Facing hard times

Facing hard times
A few months after returning to work, Amélie called Simon in tears: she had just lost her job because of restructuring.

When Étienne started daycare, there never seemed to be enough time in a day. In the mornings, Amélie and Simon always had to rush to get to daycare and then rush again to catch their bus. In the evenings, the routine of preparing supper and getting ready for bed took up a lot of time. Once Étienne was finally asleep, the young parents had to do the dishes, fold laundry, and take care of a host of other chores. They often had little energy left to prepare their lunches for the next day, so they ended up buying their lunch at work. Balancing work and family wasn’t easy.

Joining collective kitchens lets you prepare inexpensive meals for the entire family in a friendly atmosphere.

A few months after returning to work, Amélie called Simon in tears: she had just lost her job because of restructuring. To make sure not to disrupt Étienne’s new routine, she continued to bring him to daycare each morning, without telling him that she wasn’t going to work afterwards.

One evening, Étienne’s educator asked if something had changed at home because the little boy had started misbehaving. Amélie was surprised when the educator told her that the stress of losing her job could affect her son. Amélie hadn’t even talked to him about it.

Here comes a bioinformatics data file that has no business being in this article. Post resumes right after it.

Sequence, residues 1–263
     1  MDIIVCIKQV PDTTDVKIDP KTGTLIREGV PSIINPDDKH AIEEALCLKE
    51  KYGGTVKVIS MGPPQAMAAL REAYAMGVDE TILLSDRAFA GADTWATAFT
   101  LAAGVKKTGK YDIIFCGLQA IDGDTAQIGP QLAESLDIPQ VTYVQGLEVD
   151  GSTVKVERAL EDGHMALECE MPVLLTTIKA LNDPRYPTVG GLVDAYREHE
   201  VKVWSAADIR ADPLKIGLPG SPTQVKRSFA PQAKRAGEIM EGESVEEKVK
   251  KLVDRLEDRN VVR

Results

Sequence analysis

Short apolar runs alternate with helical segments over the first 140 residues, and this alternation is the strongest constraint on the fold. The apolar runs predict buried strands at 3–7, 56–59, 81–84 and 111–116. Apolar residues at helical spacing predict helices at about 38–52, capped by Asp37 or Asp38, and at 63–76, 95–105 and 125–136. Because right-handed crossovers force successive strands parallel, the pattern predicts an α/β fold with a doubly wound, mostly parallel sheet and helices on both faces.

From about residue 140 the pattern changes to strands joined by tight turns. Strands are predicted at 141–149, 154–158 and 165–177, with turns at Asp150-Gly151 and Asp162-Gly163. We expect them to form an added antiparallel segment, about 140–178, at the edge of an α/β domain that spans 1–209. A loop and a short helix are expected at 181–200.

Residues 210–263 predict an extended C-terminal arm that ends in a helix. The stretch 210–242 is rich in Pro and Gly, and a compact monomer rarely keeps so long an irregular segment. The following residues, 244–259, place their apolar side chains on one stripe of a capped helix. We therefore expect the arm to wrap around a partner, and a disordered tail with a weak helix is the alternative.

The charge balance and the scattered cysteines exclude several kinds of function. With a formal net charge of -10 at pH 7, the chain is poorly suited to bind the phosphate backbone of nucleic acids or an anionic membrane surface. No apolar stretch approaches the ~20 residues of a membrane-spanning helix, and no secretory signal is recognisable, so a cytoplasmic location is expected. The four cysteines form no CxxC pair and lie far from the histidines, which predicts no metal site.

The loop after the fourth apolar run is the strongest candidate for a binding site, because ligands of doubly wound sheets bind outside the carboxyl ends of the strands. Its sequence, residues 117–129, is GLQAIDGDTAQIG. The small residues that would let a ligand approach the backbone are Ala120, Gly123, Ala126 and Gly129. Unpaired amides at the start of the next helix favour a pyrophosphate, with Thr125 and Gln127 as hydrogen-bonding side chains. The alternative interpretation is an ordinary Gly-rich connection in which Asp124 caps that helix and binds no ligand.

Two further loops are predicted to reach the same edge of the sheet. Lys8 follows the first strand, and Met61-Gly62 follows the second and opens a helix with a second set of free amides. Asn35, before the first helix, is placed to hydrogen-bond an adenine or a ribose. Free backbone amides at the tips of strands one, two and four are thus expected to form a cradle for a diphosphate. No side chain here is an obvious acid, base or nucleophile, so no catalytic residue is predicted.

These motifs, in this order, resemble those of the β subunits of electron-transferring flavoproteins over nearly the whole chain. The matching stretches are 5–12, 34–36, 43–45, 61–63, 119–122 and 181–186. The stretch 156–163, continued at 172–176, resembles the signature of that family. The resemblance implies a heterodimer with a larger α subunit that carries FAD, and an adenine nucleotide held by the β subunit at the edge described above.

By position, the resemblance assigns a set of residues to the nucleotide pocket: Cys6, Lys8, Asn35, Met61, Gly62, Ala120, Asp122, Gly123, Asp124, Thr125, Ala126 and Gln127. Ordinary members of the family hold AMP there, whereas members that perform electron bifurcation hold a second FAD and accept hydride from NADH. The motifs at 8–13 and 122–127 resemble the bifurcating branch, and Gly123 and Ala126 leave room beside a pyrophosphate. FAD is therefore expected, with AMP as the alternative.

Preparing for the unexpected
Putting money aside in a savings account each month can help you build a little cushion in case of hard times (e.g.: illness, job loss, separation, car problems) to avoid going into debt. This emergency fund should equal three months of income.

Even if he’s still young, your toddler senses your worry and knows when something isn’t right. “Since your child notices changes within the family, it’s important to talk to him about what’s going on, at a level he can understand,” says Véronique Girard, psychologist at the Centre de psychologie Gouin. It isn’t necessary to tell your child everything. You can simply tell him that you’re going through something that will change your habits a little. Just reassuring him that he will lack for nothing will help calm his fears.

“A parent experiencing financial stress can be anxious and show signs of depression. He or she may become irritable, which could lead to tension and conflict within the couple,” adds the psychologist. It’s better to try to avoid having a child witness conflicts between the parents relating to money.

She adds that, like Étienne, when a child feels his family is vulnerable, he can exhibit more emotional behaviour: tantrums, difficulty sleeping and attempts to get attention using negative tactics. Through this behaviour, he’s trying to express what he cannot say with words. If this happens, you can help your toddler name his emotions by telling him that you see that he’s worried and understand that it’s hard for him. This will help him feel that, despite all the difficulties, you’re still there for him.